OAKLAND, CALIF. – November isn’t April and the Timberwolves’ 115-102 loss Saturday night at Golden State wasn’t anything like the last time they visited Oracle Arena.
The last time was way back in last season’s final days, when the Warriors aimed themselves in historic pursuit of the NBA’s best regular-season record and the Wolves played free, with nothing to lose.
They walked away winners 124-117 in overtime after Shabazz Muhammad scored a career-high 35 points that night, but on Saturday they trailed by 15 points in the fourth quarter before they pulled within as few as eight points with three minutes left.
They never got any closer than that, not against a Warriors team that now has superstar Kevin Durant beside Stephen Curry and Klay Thompson.
“It’s crazy,” Wolves guard Zach LaVine said after he delivered a 31-point performance that wasn’t nearly enough. “It’s an All-Star team.”
The Wolves took their first look at an opponent that now has four stars -- one of them, Draymond Green, was injured Saturday – and now has won 11 consecutive games on its way to an 15-2 overall.
Curry scored 34 points, including the three-point dagger with 2:27 left that regained a 13-point lead. Thompson had 23.
And then there was the new guy with this stat line -- 28 points, 10 rebounds, six blocked shots and five assists – while playing both some power forward and center.
“He’s guarding some bigger guys for us and he’s capable of doing it,” Warriors coach Steve Kerr said.
On Saturday, Durant covered everyone from big man Karl-Anthony Towns to LaVine.
“I’ve coached against them a bunch of times, but not with Durant,” Wolves coach Tom Thibodeau said. “You add him to the mix here and just the way they play, just a lot of good veterans, those guys are really good pros. It’s a deep team and they all play for each other. It makes it hard to guard.”
As they had to varying degrees in the first two games of a three-game trip that ended Saturday, the Wolves couldn’t close out the first half. Leading 36-30 early in the second quarter, they surrendered the quarter’s final seven points and in 69 seconds, a one-point Golden State lead quickly became a 56-48 halftime deficit.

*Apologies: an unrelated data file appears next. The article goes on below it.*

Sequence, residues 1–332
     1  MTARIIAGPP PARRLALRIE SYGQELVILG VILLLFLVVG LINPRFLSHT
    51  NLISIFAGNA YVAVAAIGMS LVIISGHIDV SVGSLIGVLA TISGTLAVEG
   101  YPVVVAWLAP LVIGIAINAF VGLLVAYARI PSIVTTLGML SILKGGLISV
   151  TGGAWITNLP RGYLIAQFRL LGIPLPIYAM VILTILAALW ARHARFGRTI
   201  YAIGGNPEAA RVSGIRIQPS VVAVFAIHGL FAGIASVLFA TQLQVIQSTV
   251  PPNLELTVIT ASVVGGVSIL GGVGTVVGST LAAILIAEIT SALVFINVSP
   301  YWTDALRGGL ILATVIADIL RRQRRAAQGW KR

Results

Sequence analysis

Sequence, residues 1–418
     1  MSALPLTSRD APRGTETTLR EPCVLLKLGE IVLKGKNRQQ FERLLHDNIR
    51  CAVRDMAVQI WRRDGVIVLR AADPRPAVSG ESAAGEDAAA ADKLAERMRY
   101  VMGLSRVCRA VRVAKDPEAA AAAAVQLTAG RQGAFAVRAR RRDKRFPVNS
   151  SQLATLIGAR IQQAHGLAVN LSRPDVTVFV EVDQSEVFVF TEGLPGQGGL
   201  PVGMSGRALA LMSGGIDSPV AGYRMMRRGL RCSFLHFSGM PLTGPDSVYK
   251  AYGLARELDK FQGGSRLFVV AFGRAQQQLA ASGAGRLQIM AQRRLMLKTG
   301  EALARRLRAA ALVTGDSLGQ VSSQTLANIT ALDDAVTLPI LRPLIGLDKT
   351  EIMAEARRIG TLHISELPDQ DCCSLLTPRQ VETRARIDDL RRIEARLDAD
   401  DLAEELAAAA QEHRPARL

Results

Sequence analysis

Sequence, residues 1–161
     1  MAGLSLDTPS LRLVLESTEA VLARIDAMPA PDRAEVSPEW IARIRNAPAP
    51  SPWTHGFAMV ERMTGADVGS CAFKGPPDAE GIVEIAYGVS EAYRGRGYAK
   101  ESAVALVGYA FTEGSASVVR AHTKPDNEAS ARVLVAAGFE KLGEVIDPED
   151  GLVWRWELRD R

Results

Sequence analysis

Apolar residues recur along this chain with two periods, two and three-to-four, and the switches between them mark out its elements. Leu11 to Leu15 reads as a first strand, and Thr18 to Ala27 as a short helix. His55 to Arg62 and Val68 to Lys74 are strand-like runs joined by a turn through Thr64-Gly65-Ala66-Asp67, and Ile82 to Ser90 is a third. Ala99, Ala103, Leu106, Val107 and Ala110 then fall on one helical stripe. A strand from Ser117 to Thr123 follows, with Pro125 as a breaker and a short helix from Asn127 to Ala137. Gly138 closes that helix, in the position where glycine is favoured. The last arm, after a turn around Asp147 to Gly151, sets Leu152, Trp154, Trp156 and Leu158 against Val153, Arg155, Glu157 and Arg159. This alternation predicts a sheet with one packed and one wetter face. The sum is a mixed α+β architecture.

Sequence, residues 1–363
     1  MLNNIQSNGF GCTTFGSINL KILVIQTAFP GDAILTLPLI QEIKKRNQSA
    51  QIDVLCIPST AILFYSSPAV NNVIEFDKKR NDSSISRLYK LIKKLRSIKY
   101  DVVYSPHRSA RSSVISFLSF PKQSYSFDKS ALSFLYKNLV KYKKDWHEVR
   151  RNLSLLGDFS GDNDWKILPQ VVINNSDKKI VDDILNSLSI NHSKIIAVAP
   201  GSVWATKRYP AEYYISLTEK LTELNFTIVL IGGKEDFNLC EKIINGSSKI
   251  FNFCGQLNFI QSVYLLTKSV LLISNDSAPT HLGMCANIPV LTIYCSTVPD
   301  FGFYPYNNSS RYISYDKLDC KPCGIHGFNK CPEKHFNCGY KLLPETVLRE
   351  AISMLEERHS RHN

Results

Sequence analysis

“We didn’t end it the right way,” LaVine said, “but we still played a really solid first half.”
They also were outscored in a third quarter yet again. This time, it was 34-25 and 17 of Curry's points came in that quarter.
“When you play a team like that, you cannot make mistakes,” Wolves big man Gorgui Dieng said. “They’re a scary team.”
The Wolves made their mistakes: They were outrebounded 45-33 and allowed the Warriors four of their 12 offensive rebounds in the second quarter’s final minute.
“The way we closed the second quarter hurt us,” Thibodeau said. “Our rebounding -- which has been one of our strengths -- wasn’t good.”
The Warriors now have had double-digit winning streaks for four consecutive seasons. That’s only the ninth time in NBA history that has been done.
The Wolves never pulled closer than those eight points in a final quarter finished off for the second consecutive night with Tyus Jones playing point guard rather than Ricky Rubio or rookie Kris Dunn.
Called upon for the first time all night late in the third quarter, he again played the entire fourth quarter, some of it with Dunn. He did so one night after providing a winning leading-man performance Friday at Phoenix.
“We’re looking for a spark,” Thibodeau said. “I thought Ricky gave us a good start and I thought Kris was solid.”
None of it could keep the Warriors undefeated since a Nov. 4 loss to the Los Angeles Lakers, on a night when Andrew Wiggins followed LaVine’s in-your-face dunk over Phoenix 7-footer Alex Len on Friday by doing the same over big JaVale McGee in the third quarter in a pair of moments made for the Internet.
“That was nasty,” LaVine said of his teammate’s dunk. “I don’t know if it topped mine, but it was nasty.”
Neither dunk probably much impressed Thibodeau, who said before Saturday’s game that he hopes his team can focus on the “things that go into winning and get away from the sideshows.”
LaVine led the Wolves with those 31 points in the same arena where he first set his career scoring high of 37 points, late in his rookie season two years ago.
“Man, you’ve just got to go up against them,” LaVine said. “You’ve got to be confident – that’s what we are – and play the best you can against them because they’re going to make their shots and we’re going to make ours.”
This time, of course, the Warriors made more.